Texas: Lost Maples

Spring break is all about drinking, partying, and birding, right?

For months a group of friends and I planned a trip to Texas this spring to accomplish at least one of those things. Jen and I flew in a couple of days early to explore the Hill Country area of Texas two hours west of San Antonio that is home to the rare and endangered Golden-cheeked Warbler that only nests in juniper-oak woodlands of Central Texas.

The warbler has good taste. This is the prettiest part of Texas I’ve ever seen.

We stayed at Foxfire Cabins less than a mile from Lost Maples State Natural Area. What the cabins lacked in swankiness the property made up for with birds.

feeder titmouse

Inca Dove

Ladder-backed Woodpecker

Carolina Chickadee

Boom. Just like that, four lifers. There was also a Yellow-throated Vireo sighting and a drive-by Ringed Kingfisher. Make that six lifers. Birding is so easy. Once the sun dipped below the hills we star-gazed enjoying the clear dark skies, then got up early in the morning to hike Lost Maples Park.

The chalkboard doesn’t lie.

We parked the car, started up the trail, and almost immediately heard the buzzy “ter-wih-zeee-e-e-e, chy” song I’d studied long before the trip. Incredible. It took much longer to get a visual on the warblers, but when we did it was even sweeter.

Yay! The extra time and effort was all worth it. Relaxed and happy, we soaked up other sights along the trail including Yellow-throated Warblers and White-eyed Vireos.

And a Black-chinned Hummingbird that stopped to take a drink from the stream.

Turkey Vultures and Black Vultures soared higher in the sky as the wind picked up and we hiked up the hillside.

Black Vulture

Here we’d hoped for an early Black-capped Vireo, but came up with Black-crested Titmouse.

And Blue-gray Gnatcatcher.

Along the trail we were easily distracted by damselflies, butterflies and lizards.

And a Carolina Wren singing like crazy.

The wind picked up further as we hiked back to check the feeders near the trail entrance.

This turned up many birds including:

White-tipped Dove

Woodhouse’s Scrub-Jay

Rufous-crowned Sparrow

Three more lifebirds. Bam! What a gorgeous birdy place. I’m already dreaming of a return backpacking trip.

In the heat of the day we took a quick lunch break before heading north to Kerr Wildlife Management Area to try again for Black-capped Vireo. On the drive there we passed a Vesper Sparrow.

A Lark Sparrow.

A mystery snake that slivered quickly across the road.

And we passed a pile of vultures on the side of the road with a Crested Caracara in the mix!

New bird! I was surprised to learn they’re actually quite common in southern Texas. Here’s a picture from a later sighting:

Eventually we made it to Kerr WMA, and dipped again on vireos, but we found plenty more lifebirds for me including Vermilion Flycatchers.

A Field Sparrow.

And a wonderful surprise bird Jen spotted just as we were leaving the park, a Louisiana Waterthrush! Good spot.

We made it back to the cabins without running out of gas and prepared ourselves for an early departure the next morning. 18 new birds in less than two full days? Not a bad start!

Thanks Texas.

Birders gone wild,

Audrey

Cabin Lake Bird Blinds

Not far from Fort Rock State Park there is yet another magical place.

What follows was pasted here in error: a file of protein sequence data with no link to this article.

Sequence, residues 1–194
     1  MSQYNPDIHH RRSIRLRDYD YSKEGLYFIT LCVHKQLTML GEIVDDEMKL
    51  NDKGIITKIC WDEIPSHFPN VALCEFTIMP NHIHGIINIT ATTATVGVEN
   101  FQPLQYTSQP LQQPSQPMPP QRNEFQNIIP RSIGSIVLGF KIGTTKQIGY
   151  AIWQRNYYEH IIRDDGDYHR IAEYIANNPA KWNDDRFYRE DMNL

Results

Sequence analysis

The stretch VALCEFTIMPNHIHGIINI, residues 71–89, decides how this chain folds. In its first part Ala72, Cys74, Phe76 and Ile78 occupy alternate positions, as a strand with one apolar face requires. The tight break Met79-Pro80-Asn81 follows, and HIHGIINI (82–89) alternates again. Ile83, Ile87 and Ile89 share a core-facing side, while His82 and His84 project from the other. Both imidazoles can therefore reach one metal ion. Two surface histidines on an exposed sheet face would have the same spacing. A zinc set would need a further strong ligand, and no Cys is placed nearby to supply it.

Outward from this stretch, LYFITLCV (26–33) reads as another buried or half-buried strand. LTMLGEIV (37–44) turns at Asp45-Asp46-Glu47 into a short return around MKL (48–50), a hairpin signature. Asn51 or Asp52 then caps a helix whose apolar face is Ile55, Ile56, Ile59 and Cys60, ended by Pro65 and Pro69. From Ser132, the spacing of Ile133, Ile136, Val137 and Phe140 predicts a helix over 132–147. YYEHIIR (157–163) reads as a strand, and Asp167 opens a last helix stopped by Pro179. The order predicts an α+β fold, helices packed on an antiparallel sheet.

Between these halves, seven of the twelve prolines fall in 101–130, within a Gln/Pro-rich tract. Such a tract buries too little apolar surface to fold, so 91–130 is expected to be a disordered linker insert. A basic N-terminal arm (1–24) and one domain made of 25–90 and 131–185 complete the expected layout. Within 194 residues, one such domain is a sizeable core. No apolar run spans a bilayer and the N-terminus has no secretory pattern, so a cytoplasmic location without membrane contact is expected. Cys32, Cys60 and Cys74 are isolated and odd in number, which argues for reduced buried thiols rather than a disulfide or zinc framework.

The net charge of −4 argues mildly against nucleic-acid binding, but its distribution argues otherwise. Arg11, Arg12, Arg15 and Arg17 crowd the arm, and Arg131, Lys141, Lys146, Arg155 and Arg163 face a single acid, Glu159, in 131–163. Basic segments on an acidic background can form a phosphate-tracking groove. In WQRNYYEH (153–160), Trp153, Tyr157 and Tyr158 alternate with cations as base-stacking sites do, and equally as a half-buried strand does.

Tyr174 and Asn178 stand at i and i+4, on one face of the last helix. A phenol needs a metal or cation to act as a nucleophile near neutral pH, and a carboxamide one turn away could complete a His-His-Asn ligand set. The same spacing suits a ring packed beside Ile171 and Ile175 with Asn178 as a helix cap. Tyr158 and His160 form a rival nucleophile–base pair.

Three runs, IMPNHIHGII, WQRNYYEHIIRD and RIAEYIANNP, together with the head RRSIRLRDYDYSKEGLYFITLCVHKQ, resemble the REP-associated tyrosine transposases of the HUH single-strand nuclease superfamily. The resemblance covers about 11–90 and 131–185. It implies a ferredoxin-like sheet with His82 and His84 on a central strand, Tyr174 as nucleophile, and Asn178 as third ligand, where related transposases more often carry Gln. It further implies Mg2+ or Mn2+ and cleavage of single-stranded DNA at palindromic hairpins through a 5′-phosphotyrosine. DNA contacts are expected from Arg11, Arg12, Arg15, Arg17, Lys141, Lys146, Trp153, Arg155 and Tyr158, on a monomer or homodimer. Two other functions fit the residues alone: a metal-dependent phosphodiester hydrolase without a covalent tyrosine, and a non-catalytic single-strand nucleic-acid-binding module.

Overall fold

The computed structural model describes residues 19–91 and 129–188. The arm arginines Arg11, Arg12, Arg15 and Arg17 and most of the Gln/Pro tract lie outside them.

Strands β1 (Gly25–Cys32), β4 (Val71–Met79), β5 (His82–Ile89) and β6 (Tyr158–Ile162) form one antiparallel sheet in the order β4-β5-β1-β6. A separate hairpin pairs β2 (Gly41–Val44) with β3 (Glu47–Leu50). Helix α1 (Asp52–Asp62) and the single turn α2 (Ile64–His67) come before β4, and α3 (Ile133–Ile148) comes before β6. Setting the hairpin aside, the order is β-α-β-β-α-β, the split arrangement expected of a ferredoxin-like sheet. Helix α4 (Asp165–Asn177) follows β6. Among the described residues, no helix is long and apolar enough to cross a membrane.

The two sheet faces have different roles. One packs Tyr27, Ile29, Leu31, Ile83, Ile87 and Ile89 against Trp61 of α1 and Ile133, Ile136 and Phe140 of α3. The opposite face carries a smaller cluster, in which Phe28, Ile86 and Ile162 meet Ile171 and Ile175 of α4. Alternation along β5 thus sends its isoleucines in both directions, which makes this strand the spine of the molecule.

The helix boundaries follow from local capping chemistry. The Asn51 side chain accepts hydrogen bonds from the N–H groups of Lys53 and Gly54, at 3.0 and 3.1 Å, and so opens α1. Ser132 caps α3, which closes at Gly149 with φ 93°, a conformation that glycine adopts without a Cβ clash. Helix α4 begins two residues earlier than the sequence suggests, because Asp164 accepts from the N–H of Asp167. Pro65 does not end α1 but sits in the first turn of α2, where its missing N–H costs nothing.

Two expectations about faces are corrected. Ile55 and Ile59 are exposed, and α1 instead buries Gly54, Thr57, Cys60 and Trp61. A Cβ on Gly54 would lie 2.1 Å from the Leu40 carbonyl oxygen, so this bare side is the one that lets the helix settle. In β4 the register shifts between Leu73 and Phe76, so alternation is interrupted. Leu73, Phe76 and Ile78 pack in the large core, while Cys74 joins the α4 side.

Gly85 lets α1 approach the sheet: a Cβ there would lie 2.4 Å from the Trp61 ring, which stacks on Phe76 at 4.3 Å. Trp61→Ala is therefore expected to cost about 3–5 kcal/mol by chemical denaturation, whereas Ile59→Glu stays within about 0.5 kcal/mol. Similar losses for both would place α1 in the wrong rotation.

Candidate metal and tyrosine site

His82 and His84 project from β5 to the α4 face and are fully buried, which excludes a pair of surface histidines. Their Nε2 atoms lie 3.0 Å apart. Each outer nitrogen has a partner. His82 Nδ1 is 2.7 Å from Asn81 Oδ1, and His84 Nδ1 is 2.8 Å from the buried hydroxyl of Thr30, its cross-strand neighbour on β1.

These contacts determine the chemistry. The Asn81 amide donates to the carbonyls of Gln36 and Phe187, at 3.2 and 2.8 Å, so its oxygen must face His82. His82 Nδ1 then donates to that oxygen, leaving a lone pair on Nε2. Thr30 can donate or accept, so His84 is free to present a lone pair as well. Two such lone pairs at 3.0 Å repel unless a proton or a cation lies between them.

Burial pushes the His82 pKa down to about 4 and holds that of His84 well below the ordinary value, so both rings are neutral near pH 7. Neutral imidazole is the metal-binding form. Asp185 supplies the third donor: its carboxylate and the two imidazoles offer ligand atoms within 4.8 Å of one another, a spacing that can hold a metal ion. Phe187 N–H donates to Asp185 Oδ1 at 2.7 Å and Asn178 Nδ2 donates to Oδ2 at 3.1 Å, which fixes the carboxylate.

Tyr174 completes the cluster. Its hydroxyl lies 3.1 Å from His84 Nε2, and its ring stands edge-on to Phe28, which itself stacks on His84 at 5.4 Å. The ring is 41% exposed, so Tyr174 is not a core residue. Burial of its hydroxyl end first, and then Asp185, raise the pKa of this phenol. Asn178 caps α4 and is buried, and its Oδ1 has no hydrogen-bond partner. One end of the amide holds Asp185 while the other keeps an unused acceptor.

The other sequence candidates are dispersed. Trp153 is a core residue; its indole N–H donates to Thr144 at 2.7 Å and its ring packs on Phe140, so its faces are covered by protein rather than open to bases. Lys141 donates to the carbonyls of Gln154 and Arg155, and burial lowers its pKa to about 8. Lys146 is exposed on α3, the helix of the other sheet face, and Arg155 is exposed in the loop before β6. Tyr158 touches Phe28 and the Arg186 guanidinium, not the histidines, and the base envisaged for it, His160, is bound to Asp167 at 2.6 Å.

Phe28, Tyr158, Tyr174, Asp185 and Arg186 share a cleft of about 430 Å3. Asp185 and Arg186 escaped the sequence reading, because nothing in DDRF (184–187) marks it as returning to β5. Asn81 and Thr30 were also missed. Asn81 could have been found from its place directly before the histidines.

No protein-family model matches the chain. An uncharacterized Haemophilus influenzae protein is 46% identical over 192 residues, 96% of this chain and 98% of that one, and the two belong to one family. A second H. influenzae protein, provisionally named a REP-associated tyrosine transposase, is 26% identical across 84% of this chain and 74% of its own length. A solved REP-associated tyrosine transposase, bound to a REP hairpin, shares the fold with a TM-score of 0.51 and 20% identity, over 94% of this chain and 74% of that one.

Cabin Lake sign

I almost don’t want to blog about it (the secret’s out!). But someone told me and I’m grateful. Someone also told me to bring suet. Best advice ever.

Before the blinds though, the road from Fort Rock to Cabin Lake deserves mentioning. Cabin Lake Rd is nine miles of Ferruginous Hawk, Golden Eagle, Red-tailed Hawk, Bald Eagle, Brewer’s Sparrow, California Quail, Vesper Sparrow, Sage Thrasher, Sagebrush Sparrow, and Loggerhead Shrikes. We saw THREE shrikes in a matter of minutes.

Sage Thrasher

Sage Thrasher

California Quail

California Quail

Sagebrush Sparrow

Sagebrush Sparrow

And a coyote.

Coyote

It was kind of nuts. I didn’t want it to end. But the road leads to something even better.

Bird blind

Don’t be fooled. There are no cabins and there is no lake at “Cabin Lake,” but nestled inconspicuously behind a decommissioned guard station, on the border of pine forests and high desert, there are two bird blinds renovated by East Cascades Audubon Society and run by volunteers. They even have their own “Friends of Cabin Lake” Facebook page.

Cozy accommodations

Cozy accommodations

Both sites are equipped with suet feeders and a water source, a true oasis for wildlife in such a dry climate. I sat inside and peered out the portals.

Portal

It didn’t take long before the first birds showed up. Pinyon Jays, a lifebird!

Pinyon Jay

Dang they are a noisy bunch.

Pinyon Jay

Another noisy Corvid visitor was Clark’s Nutcracker.

Clark's Nutcracker

A couple of Brewer’s Sparrows and Chipping Sparrows showed up.

Brewer's Sparrow

drying its wings

drying its wings

A few woodpeckers came about too.

White-headed Woodpecker

White-headed Woodpecker

Williamson's Sapsucker

Williamson’s Sapsucker

Northern Flicker

Northern Flicker

The blinds are a great place to study Cassin’s Finch.

Cassin's Finch

It was easy to observe the crisp, dark streaks on the female’s chests and see the bright raspberry-red crown on the males.

Cassin's Finch

Actually, it was pretty easy to observe all the birds. They come so close. I’m not used to photographing at such a close range and could have let up on the zoom.

I’m also not used to sitting in one spot while birding or I would second-guess which blind the birds were at. It’s hard to pick one! A couple of times I got antsy and went walking around the forest. But the birds were either far away or all at one of the watering holes anyways so inevitably, I’d return, sit, and practice patience.